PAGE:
On Sunday at the annual meeting of the American Society for Aesthetic Plastic Surgery (ASAPS) annual meeting in New York City, Sydney R. Coleman, MD, described his controversial technique for breast augmentation and reconstructing by grafting autologous fat from other parts of the patient’s body.
Coleman, who practices in New York, has been advocating fat grafting for many years despite the declaration 20 years ago by ASAPS and the American Society of Plastic Surgeons (ASPS) that this type of procedure may lead to excessive complications and could interfere with breast-cancer screening. Coleman’s article on this topic in Plastic and Reconstructive Surgery earlier this year set the stage for the ASAPS presentation.
Coleman’s ideal patient for this procedure has small breasts and several good donor sites for the fat. He describes the procedure as having two large steps—extensive liposuction and diffuse augmentation sites—and can require from 4 to 7 hours to complete.
He advocates harvesting fat from multiple sites to avoid iatrogenic liposuction deformities. Typical locations are the hips, scrum, buttocks, "love handles," back, abdomen, and superpubic area. In the patient whose procedure was demonstrated, 1,200 mL of fat was harvested, then refined to produce 730 mL of graftable fat.
Coleman typically makes five incisions in each breast and injects fat both subcutaneously and subglandularly. He uses 3-mL syringes to inject a total of approximately 200 mL of fat in each breast. He stresses that breast shape must be created during the fat placement, and not by molding the fat after injection. "Tiny" aliquots of less than 0.2 mL of fat must be deposited at a time.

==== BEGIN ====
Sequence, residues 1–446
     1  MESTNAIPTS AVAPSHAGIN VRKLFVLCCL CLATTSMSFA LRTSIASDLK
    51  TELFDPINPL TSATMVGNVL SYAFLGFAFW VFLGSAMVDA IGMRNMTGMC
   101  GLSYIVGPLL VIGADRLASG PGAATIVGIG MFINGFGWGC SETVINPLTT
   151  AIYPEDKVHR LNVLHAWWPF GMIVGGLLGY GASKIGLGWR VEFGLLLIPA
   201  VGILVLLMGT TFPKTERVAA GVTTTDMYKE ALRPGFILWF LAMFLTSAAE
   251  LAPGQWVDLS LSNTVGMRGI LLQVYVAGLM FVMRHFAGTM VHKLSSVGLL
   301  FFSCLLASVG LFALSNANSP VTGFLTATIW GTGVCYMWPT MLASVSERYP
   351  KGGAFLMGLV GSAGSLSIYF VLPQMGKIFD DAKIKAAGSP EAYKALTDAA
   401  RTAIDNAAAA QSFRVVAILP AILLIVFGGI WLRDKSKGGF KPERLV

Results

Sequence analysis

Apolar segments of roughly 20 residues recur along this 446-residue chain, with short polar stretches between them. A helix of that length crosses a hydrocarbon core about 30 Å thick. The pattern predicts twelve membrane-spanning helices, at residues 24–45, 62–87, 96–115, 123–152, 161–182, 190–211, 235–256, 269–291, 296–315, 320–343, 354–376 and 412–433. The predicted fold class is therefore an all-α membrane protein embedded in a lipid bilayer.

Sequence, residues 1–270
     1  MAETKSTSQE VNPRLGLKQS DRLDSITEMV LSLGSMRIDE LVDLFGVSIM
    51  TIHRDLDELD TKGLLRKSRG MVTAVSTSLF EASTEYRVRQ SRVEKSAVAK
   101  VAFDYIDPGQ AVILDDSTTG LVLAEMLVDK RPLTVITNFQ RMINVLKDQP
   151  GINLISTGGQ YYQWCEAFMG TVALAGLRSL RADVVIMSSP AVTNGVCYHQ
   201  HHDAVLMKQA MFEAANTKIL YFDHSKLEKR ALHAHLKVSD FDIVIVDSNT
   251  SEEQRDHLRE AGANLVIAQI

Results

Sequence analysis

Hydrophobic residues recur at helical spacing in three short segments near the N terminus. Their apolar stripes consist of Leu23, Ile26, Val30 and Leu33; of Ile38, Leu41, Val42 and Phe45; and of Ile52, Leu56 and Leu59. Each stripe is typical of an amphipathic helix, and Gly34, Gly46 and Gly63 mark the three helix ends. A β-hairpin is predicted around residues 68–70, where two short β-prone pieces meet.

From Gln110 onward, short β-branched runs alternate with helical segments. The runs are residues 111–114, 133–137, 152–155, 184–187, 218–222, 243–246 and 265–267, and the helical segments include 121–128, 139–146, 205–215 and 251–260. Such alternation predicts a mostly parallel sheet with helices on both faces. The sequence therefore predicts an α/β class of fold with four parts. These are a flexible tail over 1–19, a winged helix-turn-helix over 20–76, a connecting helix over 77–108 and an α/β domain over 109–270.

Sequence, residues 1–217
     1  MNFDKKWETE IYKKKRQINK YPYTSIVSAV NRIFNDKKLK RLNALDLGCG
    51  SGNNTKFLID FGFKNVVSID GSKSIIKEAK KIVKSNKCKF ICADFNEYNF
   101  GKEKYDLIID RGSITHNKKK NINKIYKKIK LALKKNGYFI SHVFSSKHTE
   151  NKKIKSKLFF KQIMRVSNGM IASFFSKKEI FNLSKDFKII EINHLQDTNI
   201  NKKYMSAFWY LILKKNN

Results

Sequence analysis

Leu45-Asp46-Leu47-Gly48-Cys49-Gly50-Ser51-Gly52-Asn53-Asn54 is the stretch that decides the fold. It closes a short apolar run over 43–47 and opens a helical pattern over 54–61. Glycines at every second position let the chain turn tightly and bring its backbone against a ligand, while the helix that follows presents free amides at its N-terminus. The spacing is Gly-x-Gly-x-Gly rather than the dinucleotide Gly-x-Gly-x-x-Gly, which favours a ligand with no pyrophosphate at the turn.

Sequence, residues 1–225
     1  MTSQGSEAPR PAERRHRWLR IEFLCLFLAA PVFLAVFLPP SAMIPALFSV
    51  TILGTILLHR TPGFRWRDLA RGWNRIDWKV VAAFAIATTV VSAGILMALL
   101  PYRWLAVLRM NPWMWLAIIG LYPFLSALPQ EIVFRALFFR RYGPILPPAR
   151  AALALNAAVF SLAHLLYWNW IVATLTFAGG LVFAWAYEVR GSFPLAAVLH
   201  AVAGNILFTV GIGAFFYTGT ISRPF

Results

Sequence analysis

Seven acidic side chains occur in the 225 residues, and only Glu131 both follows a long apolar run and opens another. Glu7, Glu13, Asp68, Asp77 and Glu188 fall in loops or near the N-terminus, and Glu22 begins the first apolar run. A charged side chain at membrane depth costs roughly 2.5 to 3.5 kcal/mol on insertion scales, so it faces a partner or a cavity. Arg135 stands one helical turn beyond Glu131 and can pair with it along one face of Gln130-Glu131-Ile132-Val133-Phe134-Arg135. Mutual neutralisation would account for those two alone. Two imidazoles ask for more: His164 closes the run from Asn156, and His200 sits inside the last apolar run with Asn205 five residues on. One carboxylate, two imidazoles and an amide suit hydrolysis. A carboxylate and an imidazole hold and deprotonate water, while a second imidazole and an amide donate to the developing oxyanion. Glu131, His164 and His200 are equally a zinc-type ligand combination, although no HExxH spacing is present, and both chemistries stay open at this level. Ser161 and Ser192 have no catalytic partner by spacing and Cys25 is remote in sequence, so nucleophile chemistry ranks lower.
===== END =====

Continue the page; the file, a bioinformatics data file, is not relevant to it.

He also emphasizes that it is very important to keep track of how much fat is deposited in each location, so that if a less than satisfactory result is obtained, data are available to evaluate and correct the problem. He acknowledges that because of the extensive fat refinement and data recording requirements, the procedure is very labor intensive.
Despite the society’s official stance on the procedure, the presentation was well received. ASAPS leaders Foad Nahai, MD, FACS, and Scott Spear, MD, FACS, congratulated Coleman on his courage to pursue development of the technique but cautioned that practitioners not familiar with the treatment should proceed with caution and that thorough informed patient consent is an absolute necessity. As Nahai says, "the door is now open" for fat grafting to breasts.

PSP will feature Coleman in its May cover story. You can read it at www.plasticsurgeryproductsonline.com beginning on May 8.